belgium sees the light, finally

  1. 5,748 Posts.
    Apr. 2, 2003
    Belgium's lower house votes to curtail war crimes law
    By THE ASSOCIATED PRESS
    BRUSSELS, Belgium

    The House of Representatives approved amendments Wednesday to Belgium's "universal jurisdiction" law for war crimes, making it tougher for cases to be filed against leaders of democratic nations.

    The amendments are aimed at avoiding embarrassing complaints such as those filed against Israeli Prime Minister Ariel Sharon and former US President George Bush, which have drawn sharp protests from Jerusalem and Washington.

    After the 63-48 House vote, which split the ruling coalition, the amendments now go to the Senate for a final vote later this week. Approval is expected.

    Under the amendments, the 10-year-old law would apply only for war crimes committed in countries lacking democratic credentials and unable to cope with fair trials (Belgium finally admitting Israel is democratic and able to cope with fair trials......Snooker) Other complaints would be sent on to the countries in question.

    The Liberal group within the coalition of Prime Minister Guy Verhofstadt made sure the amendments would also apply to running complaints, making it likely the pending case against Sharon will be sent to Israel.

    The war crimes complaint filed last month by seven Iraqi victims of the 1991 Gulf War against Bush, father of the current president, and Secretary of State Colin Powell would be sent on to Washington.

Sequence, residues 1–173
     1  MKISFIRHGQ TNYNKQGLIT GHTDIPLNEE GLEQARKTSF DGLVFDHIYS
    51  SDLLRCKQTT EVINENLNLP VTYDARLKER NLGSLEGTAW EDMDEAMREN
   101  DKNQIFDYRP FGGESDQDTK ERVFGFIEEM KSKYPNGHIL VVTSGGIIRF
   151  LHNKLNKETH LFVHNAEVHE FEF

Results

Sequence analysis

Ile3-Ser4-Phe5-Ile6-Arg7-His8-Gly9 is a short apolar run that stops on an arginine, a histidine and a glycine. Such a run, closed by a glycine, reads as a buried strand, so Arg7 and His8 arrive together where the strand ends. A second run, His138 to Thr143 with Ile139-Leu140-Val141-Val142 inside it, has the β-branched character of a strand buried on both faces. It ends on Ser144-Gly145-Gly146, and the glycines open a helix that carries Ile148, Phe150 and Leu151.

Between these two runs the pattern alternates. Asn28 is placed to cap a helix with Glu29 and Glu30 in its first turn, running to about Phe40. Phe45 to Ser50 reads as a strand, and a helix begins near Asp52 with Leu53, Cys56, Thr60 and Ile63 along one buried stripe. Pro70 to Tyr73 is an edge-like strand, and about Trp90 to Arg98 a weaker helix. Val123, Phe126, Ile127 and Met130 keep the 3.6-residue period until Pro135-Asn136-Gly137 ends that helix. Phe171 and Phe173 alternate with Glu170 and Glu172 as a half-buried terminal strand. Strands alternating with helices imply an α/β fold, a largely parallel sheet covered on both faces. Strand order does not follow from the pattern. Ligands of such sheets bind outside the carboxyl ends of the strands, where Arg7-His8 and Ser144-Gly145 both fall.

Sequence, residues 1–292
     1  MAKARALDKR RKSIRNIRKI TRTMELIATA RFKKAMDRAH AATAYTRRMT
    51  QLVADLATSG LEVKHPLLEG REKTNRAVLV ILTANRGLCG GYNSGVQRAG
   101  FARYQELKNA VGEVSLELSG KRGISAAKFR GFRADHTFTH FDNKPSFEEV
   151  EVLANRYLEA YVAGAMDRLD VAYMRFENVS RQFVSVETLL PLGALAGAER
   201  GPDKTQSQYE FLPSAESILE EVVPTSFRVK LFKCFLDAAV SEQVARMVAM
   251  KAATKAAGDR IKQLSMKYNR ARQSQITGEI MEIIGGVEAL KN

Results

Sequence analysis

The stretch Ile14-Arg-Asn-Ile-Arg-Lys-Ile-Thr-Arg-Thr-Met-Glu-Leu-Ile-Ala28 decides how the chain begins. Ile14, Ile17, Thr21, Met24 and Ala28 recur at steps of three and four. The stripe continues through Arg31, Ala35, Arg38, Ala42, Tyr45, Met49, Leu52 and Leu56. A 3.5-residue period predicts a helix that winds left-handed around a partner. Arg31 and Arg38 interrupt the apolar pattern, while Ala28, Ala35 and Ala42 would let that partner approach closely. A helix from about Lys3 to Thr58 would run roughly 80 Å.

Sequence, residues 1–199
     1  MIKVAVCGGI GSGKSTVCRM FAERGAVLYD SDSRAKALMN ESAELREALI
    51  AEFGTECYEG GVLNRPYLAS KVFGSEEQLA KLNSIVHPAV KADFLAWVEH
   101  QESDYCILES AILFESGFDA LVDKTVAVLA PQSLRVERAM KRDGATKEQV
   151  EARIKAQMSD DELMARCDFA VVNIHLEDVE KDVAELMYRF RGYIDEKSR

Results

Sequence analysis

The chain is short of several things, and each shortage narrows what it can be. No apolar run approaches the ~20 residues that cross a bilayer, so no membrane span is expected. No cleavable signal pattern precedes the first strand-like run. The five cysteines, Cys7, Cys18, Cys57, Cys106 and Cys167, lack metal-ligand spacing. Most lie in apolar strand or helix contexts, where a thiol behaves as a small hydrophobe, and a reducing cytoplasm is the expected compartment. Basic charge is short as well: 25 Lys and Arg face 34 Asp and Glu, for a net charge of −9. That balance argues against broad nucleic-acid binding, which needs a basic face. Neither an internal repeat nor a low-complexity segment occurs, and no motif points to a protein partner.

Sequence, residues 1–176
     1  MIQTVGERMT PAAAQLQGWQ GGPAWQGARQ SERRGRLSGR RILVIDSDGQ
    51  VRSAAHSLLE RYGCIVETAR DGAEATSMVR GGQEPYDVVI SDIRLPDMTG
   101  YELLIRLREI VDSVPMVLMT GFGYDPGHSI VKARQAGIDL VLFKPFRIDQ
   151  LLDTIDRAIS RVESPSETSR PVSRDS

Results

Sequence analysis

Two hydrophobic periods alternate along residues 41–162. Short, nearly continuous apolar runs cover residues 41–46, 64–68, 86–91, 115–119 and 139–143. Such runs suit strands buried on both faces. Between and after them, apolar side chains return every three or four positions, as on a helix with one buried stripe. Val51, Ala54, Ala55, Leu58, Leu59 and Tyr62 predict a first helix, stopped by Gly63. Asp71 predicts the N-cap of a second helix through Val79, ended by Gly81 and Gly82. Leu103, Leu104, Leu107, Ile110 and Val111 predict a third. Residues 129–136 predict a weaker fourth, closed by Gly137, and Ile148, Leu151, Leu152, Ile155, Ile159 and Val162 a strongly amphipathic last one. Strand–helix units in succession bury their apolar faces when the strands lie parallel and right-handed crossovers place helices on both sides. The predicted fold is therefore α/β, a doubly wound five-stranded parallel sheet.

The Socialist and Green coalition parties voted against the amendments, arguing they would render the law toothless.

    The law, passed unanimously in 1993, was special since complaints could be lodged against people and by people who had no direct link to Belgium.

    So far the only people convicted under the law are four Rwandans found guilty of involvement in the 1994 genocide in their central African nation. They were sentenced to up to 15 years in prison in June 2001.

    Overall some 30 cases have already been lodged, including complaints against Palestinian leader Yasser Arafat, Iraqi President Saddam Hussein and Cuba's Fidel Castro.

    The most controversial case was lodged two years ago against Sharon, when a group of Palestinians filed a war crimes complaint against the Israeli prime minister for his alleged role in a 1982 massacre in Lebanese refugee camps.

    When Belgium's supreme court ruled two months ago Sharon could still be prosecuted once he leaves office, Israel even withdrew its ambassador from Brussels.

    The March 18 complaint against Bush and Powell centered on the 1991 bombing of a shelter in Baghdad, which killed 403 people, including 52 children and 261 women. US aircraft attacked the shelter believing it was a command center.

    After it was lodged, Powell said he was worried about the complaint and its impact on his own travel to Belgium, the headquarters of NATO and the European Union.

    "For a place that is an international center they should be a little bit concerned about this," Powell told reporters in Washington. "If you show up, the next thing you know you are being... who knows," he said, slapping a hand on the table.
 
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